A U.S. District Court judge in Los Angeles yesterday halted Friday's scheduled leasing of 24 tracts off the coast of Southern California for oil and gas development.

California officials had filed suit to exempt the tracts from the Interior Department's sale, saying exploration there would threaten environmentally sensitive areas of the outer continental shelf and pose other risks.

Justice Department attorney Peter Steenland, who represented Interior, said he would try to overturn Judge Cynthia Holcomb Hall's preliminary injunction in the 9th Circuit Court of Appeals.

In her opinion, Hall said, "While the court recognizes the strong public interest in developing domestic oil and gas resources, the balance of hardships in this case tips in the plaintiff's favor."

"It's a good victory for us . . . to preserve the integrity of our coast," said Michael L. Fischer, executive director of the California Coastal Commission.

He said the disputed tracts lie off the scenic Malibu beaches, Los Angeles, Long Beach and Orange County near marine sanctuaries and shipping lanes.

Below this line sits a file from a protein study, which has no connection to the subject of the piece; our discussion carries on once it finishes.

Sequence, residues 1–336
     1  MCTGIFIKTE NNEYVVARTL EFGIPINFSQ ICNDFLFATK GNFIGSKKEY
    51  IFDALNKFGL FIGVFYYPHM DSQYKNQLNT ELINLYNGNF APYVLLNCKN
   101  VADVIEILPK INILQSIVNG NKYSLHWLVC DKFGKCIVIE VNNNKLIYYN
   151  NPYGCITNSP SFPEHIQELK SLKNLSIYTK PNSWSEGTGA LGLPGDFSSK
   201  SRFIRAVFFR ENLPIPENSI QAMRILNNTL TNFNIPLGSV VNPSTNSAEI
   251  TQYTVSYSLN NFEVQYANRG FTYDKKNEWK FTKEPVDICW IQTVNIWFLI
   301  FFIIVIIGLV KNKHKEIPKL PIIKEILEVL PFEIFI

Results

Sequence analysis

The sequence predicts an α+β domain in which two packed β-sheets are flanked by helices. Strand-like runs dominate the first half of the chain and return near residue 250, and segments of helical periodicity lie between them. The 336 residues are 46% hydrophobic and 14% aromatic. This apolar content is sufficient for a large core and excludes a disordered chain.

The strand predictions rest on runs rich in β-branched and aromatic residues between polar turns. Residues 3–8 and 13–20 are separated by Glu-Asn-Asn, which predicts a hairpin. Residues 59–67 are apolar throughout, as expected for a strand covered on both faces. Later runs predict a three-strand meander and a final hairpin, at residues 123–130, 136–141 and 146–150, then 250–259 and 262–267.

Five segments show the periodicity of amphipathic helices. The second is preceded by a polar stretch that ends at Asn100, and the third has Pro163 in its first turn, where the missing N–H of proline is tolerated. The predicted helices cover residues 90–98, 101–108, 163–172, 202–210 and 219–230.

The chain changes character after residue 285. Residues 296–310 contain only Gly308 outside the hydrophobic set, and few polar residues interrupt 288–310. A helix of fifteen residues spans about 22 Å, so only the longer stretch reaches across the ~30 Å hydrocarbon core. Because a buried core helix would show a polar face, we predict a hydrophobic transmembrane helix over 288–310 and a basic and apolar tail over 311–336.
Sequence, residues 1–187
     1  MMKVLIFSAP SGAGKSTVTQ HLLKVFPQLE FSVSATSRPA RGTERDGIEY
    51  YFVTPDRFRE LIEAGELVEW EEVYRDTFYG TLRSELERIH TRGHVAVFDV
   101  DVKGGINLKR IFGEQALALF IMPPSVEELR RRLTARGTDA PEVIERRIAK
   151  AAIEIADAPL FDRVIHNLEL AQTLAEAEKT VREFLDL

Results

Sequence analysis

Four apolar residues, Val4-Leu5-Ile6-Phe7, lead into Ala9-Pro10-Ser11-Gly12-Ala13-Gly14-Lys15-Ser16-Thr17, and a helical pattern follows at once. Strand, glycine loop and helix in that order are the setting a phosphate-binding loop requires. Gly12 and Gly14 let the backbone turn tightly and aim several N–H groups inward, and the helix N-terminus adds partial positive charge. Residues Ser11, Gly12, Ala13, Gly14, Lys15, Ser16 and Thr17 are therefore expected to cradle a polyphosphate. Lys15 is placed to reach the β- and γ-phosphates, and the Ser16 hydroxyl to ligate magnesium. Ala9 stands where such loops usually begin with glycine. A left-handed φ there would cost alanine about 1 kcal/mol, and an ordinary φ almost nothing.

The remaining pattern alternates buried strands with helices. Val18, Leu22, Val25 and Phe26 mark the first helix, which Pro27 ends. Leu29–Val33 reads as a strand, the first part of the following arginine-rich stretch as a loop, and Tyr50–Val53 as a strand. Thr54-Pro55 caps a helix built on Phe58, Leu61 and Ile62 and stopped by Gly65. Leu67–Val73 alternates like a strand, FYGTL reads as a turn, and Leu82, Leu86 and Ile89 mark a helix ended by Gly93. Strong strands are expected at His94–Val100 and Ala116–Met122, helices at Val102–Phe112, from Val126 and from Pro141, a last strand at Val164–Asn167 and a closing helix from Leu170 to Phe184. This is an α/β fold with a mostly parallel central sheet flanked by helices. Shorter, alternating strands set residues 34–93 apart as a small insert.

In a related development, a U.S. District Court judge in Fresno said Tuesday that Interior could lease two tracts in the Santa Barbara channel that Pauley Petroleum Corp., a consortium of oil companies, wanted exempted.

Pauley won those tracts in a 1960s lease sale, but could not complete its exploration plans because of a moratorium imposed after a major oil spill in the channel.

The Pauley group had tried to block the sale of the tracts while it pleads in Congress to regain the leases.